Insights into a new generation.
Reflection of 1960’s society: One Flew Over the Cuckoo’s Nest
Clean cut and conformed are words you could use to describe society in the 1950‘s. In this era, everyone looked similar and obeyed the same unspoken rules that ‘the establishment’ or government, set out for them. However, that conformity was breading change. If you confine something for too long, it will begin to resent the power confining it and attempt to break free by any means necessary. As the 1960’s began, certain members of society decided that they no longer wanted to remain conformed or oppressed as they saw it. Instead they saw the potential of a new world where society was a Technicolor piece of art where everyone was different and possessed their own voice. This dream was a major change in early 1960’s society where individuality was seen as a threat to order. The emerging movement to become individualized would not be an easy one to accomplish. It would require dedication and strong powerful leadership to contrast the overbearing power of the established practices across society. The struggle for individuality that happened in the 1960’s is reflected in Ken Kesey’s One Flew Over the Cuckoo’s Nest through the overbearing power of Nurse Ratched, the strong, outspoken leadership of McMurphy, and the personality changes in Chief Bromden.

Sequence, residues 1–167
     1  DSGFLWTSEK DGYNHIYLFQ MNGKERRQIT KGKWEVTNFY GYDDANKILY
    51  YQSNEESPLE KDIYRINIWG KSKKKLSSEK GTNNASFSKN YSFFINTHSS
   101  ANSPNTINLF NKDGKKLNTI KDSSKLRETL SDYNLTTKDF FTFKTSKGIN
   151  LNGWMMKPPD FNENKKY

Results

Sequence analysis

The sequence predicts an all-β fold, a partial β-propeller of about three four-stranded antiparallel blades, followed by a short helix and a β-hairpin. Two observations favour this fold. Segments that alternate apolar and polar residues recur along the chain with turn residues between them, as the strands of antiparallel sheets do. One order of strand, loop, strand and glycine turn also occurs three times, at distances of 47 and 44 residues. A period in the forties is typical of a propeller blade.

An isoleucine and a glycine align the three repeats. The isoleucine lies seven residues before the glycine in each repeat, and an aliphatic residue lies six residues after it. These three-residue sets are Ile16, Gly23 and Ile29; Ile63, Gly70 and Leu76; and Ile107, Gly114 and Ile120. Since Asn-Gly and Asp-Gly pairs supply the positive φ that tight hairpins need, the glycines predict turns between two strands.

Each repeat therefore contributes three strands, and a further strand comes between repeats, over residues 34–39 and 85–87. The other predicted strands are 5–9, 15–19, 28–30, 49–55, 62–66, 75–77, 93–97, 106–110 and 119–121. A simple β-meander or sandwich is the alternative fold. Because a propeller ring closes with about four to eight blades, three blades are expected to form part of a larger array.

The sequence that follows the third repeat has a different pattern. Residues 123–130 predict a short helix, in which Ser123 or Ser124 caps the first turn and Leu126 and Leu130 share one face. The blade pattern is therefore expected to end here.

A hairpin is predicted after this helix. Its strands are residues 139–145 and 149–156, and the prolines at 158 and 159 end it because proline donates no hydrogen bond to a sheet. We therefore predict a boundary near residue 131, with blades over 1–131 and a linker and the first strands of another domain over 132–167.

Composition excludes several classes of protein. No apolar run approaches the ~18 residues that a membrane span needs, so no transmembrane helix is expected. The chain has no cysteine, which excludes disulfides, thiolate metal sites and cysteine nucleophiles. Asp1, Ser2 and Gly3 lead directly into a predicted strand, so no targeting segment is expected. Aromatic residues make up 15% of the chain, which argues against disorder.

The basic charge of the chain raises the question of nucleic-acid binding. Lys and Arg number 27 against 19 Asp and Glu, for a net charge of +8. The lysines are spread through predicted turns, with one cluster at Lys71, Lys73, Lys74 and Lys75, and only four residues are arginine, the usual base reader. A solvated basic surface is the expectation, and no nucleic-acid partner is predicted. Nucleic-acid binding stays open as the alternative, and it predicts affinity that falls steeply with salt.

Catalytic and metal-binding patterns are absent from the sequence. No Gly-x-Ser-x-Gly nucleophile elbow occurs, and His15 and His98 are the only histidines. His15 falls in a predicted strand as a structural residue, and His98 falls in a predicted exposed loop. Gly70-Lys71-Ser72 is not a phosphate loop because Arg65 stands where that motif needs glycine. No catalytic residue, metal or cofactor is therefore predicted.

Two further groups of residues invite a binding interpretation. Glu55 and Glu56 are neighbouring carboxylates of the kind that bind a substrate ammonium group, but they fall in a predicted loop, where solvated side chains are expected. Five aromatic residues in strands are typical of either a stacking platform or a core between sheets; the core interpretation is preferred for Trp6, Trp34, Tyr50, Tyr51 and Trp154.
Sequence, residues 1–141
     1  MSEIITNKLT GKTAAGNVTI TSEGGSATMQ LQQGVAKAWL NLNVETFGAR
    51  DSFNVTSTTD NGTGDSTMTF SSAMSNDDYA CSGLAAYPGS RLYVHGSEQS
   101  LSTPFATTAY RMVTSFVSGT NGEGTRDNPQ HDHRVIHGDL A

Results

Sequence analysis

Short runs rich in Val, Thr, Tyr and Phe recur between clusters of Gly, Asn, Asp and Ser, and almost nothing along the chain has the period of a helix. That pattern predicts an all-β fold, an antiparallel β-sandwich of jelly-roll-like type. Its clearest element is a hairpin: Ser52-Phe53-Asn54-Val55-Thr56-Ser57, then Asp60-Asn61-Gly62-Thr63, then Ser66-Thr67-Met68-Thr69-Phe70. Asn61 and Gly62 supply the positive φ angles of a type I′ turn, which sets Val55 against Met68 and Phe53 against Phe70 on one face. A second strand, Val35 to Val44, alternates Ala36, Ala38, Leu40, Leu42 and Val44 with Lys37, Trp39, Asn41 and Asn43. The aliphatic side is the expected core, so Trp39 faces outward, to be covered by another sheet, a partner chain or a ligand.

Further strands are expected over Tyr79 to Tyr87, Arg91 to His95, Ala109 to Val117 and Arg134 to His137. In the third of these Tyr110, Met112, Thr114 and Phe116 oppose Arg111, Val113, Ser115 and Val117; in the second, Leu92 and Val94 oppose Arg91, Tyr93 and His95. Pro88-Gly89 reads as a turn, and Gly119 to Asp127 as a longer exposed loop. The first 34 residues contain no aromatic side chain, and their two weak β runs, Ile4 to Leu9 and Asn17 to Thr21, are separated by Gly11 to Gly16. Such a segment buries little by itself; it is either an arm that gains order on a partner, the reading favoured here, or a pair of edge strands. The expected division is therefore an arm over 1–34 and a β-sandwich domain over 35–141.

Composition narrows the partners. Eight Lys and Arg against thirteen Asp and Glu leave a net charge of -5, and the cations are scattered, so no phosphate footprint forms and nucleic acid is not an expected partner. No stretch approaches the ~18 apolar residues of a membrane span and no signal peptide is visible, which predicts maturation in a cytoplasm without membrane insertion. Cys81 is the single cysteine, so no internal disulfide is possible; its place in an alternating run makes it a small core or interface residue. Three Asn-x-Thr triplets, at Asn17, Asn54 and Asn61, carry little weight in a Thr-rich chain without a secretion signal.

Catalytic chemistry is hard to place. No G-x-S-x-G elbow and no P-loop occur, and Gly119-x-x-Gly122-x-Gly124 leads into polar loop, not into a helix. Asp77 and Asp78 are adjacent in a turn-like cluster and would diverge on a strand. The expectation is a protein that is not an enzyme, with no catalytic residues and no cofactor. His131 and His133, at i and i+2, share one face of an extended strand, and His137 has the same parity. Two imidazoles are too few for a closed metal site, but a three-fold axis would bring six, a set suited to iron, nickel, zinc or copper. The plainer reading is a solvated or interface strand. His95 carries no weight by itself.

The struggle against authority that occurred during the 1960’s was an act against the existing establishment and that struggle is reflected in One Flew Over the Cuckoo’s Nest. The battle is demonstrated through the conflict between McMurphy’s rebellions and Nurse Ratched’s overbearing power. Much like the existing establishment of the 1960’s Nurse Ratched suppresses the individuality of the patients. Harding says, “We need a good strong wolf like the nurse to teach us our place."(185) to McMurphy in regards to his opinion of Nurse Ratched. Nurse Ratched has converted the patients into thinking that she is a good person...